In behavioural sciences cooperation is considered an interaction between individuals of the same species, which is beneficial for the recipient but costly for the actor. The El Oro Parakeet (Pyrrhura orcesi) is a cooperatively breeding species, which means that one or more helpers assist in raising the young of a dominant breeding pair. Regarding the evolution of cooperative breeding, the question is whether helping has indeed positive fitness effects and if so whether only breeders or also helpers benefit from cooperation. My research focuses on fitness implications of individual variation within and among helpers and the identification of factors shaping the cooperative breeding system of the El Oro Parakeet. Considerable variation in group composition and helper contributions is the reason why this species is particularly suitable to address several hypotheses on the evolution and significance of variability in cooperative systems.
1. Causes for the variability in the breeding system and individual differences between helpers
The El Oro Parakeet is facultatively cooperative, so the crucial questions are why some individuals postpone own reproduction and act as helpers instead, and why the contribution of helpers shows considerable variation. I will evaluate different factors which could influence the decision of an individual, including body condition, relatedness, social interactions and personality traits such as consistency of behaviour over several years.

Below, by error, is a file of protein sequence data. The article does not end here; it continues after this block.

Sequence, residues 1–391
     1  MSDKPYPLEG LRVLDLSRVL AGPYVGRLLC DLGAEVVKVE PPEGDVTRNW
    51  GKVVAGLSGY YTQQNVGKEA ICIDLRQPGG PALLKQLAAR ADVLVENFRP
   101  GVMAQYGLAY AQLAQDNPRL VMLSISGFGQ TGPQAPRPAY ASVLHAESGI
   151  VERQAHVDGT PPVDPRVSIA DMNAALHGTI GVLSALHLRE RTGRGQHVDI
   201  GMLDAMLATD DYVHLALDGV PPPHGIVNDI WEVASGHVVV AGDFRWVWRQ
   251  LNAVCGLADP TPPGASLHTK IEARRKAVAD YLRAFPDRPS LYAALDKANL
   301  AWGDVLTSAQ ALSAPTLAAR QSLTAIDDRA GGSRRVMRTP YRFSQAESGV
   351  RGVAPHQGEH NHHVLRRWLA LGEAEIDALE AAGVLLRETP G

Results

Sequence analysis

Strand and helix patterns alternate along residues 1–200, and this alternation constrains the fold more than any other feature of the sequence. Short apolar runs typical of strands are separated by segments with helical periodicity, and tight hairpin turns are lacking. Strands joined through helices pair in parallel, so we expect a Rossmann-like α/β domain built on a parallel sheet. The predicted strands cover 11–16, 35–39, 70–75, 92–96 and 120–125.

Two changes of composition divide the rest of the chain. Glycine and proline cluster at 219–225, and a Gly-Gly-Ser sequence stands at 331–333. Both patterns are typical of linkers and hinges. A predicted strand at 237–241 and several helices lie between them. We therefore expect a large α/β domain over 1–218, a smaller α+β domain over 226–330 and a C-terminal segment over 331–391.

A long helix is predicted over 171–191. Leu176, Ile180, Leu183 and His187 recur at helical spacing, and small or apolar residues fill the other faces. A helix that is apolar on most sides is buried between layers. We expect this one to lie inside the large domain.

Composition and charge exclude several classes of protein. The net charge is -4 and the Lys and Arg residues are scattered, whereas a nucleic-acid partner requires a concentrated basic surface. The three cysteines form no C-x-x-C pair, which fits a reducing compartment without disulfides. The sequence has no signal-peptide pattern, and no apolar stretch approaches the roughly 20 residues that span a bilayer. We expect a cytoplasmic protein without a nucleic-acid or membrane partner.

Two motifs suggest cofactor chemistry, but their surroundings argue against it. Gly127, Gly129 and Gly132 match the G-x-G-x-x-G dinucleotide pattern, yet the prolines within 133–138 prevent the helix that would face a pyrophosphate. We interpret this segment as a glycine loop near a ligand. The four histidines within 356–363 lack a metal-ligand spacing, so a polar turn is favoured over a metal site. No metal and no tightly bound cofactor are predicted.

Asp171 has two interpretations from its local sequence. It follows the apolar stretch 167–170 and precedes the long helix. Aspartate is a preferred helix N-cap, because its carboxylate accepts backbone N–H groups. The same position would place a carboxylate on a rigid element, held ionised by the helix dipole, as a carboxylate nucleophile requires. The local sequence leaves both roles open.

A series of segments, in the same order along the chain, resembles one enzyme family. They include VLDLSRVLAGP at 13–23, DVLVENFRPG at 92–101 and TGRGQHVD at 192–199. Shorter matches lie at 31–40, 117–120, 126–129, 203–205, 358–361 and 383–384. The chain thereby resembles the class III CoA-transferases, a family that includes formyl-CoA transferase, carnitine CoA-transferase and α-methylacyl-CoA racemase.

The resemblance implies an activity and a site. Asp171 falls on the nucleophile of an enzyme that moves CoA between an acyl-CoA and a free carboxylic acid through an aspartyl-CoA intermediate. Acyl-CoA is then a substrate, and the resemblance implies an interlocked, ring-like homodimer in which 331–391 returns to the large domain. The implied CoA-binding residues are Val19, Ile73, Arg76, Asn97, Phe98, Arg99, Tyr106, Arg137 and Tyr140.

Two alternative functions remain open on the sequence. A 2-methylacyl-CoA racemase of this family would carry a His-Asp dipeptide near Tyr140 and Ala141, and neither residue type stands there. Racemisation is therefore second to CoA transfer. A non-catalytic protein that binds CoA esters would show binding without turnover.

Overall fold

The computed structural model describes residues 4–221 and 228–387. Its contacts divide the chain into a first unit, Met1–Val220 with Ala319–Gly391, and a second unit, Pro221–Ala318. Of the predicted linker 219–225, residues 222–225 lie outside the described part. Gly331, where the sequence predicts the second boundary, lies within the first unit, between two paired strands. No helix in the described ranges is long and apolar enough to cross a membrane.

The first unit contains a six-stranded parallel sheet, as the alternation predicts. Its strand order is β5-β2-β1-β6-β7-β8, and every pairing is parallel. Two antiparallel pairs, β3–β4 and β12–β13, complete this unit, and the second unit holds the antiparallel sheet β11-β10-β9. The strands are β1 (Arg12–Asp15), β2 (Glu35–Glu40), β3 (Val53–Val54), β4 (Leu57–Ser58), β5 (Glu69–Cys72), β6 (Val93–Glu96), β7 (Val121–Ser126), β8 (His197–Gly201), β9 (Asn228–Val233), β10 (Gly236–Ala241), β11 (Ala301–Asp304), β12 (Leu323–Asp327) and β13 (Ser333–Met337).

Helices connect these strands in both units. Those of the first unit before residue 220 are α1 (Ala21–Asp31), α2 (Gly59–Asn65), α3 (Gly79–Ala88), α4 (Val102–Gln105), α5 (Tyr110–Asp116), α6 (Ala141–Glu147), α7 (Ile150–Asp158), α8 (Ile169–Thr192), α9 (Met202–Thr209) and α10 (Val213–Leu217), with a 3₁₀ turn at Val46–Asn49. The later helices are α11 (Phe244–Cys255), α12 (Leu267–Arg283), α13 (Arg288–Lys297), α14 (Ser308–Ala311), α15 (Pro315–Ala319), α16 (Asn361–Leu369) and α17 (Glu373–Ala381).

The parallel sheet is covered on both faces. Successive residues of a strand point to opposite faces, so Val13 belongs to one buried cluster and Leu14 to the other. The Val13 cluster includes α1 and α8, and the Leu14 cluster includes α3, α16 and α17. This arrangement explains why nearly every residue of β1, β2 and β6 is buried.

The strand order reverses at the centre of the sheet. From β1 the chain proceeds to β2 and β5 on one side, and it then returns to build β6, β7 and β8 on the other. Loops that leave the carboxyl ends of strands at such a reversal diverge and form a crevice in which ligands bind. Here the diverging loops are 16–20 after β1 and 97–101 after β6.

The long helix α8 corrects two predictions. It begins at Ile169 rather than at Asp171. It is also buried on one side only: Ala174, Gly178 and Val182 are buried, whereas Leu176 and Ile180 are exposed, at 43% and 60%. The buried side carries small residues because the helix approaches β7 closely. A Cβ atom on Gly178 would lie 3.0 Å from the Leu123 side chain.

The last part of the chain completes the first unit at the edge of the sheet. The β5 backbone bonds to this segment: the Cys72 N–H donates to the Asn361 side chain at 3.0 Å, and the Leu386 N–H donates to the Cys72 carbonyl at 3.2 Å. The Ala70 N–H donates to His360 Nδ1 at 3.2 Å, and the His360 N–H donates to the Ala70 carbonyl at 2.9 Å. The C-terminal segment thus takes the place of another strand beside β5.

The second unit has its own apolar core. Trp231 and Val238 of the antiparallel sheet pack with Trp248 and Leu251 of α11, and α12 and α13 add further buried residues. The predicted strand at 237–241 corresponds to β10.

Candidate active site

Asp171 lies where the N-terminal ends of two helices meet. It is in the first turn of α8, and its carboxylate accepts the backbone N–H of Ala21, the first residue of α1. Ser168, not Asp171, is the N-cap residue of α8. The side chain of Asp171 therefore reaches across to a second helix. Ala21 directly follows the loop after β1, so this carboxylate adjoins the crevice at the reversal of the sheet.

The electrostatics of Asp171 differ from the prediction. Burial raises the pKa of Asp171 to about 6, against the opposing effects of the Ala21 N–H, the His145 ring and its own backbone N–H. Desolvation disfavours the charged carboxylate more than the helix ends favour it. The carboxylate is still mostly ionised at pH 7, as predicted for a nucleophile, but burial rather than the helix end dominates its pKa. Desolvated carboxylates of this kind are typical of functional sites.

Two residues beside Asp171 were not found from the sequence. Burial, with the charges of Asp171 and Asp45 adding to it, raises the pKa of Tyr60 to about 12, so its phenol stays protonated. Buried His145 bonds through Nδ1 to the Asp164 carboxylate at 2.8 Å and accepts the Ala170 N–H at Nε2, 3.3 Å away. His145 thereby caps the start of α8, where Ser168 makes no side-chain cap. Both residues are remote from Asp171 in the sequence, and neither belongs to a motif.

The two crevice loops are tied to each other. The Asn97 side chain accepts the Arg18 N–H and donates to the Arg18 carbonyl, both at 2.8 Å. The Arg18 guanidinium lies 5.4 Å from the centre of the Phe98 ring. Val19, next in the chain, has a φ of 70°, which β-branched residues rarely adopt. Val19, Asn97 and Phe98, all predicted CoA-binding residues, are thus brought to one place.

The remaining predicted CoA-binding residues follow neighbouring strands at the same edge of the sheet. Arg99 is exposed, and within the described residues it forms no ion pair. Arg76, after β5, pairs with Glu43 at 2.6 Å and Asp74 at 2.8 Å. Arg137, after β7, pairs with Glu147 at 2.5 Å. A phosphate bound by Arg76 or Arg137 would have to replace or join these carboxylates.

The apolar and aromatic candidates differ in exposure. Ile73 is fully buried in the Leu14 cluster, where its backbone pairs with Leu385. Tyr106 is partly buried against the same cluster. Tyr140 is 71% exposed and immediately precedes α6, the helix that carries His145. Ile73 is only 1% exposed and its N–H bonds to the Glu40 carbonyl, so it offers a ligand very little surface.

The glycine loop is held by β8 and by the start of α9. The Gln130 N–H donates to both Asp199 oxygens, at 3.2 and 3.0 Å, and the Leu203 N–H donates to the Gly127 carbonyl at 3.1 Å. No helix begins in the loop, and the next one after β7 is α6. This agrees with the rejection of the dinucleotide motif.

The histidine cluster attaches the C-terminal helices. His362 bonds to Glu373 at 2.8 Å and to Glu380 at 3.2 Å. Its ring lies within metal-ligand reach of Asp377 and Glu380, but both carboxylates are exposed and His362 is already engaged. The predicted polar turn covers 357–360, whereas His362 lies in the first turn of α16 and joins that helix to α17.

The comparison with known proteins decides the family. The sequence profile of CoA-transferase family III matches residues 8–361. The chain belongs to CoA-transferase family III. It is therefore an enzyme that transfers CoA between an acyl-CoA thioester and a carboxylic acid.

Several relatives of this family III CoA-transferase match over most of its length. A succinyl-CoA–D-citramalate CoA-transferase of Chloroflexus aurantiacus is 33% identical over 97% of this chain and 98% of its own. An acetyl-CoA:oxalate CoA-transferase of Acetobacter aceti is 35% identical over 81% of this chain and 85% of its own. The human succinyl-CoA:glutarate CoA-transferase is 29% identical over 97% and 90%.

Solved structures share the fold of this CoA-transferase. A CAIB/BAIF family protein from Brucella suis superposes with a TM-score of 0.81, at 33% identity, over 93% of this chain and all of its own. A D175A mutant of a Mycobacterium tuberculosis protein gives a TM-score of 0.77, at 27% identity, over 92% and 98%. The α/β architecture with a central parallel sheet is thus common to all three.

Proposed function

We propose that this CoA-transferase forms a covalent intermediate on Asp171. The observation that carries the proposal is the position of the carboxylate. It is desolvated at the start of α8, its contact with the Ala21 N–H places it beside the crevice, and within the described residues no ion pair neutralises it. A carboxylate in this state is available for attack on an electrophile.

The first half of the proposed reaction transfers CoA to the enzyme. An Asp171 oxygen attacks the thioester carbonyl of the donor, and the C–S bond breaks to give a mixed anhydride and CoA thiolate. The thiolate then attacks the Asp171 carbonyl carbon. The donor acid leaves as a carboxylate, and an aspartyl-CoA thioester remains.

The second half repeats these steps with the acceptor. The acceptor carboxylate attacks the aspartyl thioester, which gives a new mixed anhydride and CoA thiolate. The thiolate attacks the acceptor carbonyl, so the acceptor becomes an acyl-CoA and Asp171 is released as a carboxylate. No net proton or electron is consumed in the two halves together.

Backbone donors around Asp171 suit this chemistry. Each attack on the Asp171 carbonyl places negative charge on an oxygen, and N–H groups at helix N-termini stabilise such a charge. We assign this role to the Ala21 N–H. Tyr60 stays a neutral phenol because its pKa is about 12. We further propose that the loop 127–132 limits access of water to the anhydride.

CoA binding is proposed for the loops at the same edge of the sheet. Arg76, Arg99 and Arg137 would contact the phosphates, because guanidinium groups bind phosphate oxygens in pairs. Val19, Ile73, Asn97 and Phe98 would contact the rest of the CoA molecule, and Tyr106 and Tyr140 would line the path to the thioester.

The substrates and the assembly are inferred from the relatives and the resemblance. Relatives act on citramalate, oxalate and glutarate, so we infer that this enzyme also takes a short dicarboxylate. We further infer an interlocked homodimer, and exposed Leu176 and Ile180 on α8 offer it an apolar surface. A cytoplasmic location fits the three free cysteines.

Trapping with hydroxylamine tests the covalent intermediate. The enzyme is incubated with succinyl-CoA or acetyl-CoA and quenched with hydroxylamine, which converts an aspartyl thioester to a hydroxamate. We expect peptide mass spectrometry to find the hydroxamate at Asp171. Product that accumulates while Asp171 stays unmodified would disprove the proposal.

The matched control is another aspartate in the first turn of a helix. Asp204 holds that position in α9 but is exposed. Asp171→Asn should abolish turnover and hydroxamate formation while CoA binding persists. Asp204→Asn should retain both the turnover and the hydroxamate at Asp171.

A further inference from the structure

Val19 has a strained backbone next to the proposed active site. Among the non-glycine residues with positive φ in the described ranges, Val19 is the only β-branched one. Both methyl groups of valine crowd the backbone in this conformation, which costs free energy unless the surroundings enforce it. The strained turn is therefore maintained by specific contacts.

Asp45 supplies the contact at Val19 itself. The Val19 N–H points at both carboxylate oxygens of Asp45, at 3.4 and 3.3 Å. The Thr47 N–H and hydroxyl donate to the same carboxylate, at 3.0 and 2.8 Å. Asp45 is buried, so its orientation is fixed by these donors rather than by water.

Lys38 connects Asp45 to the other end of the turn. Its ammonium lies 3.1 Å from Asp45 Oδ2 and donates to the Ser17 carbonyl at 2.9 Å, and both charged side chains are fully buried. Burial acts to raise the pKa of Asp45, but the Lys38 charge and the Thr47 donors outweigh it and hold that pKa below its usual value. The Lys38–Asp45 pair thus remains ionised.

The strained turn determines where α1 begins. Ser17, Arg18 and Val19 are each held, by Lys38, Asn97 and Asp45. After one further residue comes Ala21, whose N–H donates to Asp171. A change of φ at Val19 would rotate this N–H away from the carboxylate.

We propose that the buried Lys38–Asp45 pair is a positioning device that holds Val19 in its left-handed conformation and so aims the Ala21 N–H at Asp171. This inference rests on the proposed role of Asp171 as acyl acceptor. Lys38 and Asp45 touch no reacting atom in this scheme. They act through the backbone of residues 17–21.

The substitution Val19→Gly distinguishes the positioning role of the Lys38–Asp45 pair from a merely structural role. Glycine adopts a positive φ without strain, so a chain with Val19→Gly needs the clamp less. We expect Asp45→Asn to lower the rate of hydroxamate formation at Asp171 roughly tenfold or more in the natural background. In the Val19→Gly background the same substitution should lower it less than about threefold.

2. Consequences of the variability in cooperation for breeders and helpers
Costs and benefits of helping may vary for breeders and helpers depending on the participation of other group members in feeding the hatchlings. I will collect data on direct and indirect fitness traits over several years to investigate whether variability in helping behaviour can be explained by the unequal benefits that individuals can expect and whether helpers adjust their behaviour according to changes in the social structure and composition of their flocks.
3. The social structure of the groups and its implications for the development and maintenance of the cooperative breeding system
The social status of an individual in a group or population is often difficult to characterize, because it is determined by a complex set of behavioural interactions. I will use methods of the social network theory, which is more and more used to characterise animal societies, as a statistical framework for modelling the social population structure of the El Oro Parakeet. With these methods I aim to identify social characteristics favouring the evolution of cooperation in this species.
4. Conservation of the El Oro Parakeet
I will investigate genetic population differentiation and gene flow between populations in several forest fragments to understand the parakeet’s response to habitat fragmentation and thus provide a scientific background for the conservation measures which are currently being planned for this species.
The El Oro Parakeet is a globally endangered species with less than 1000 individuals that is endemic to the highly fragmented montane cloud forest of SW Ecuador. It is restricted to a narrow area of about 750 km² at an elevation of 600 to 1300 m. The effective population size is considerably lower due to the cooperative breeding system of the species with only a small percentage of adult birds reproducing each year.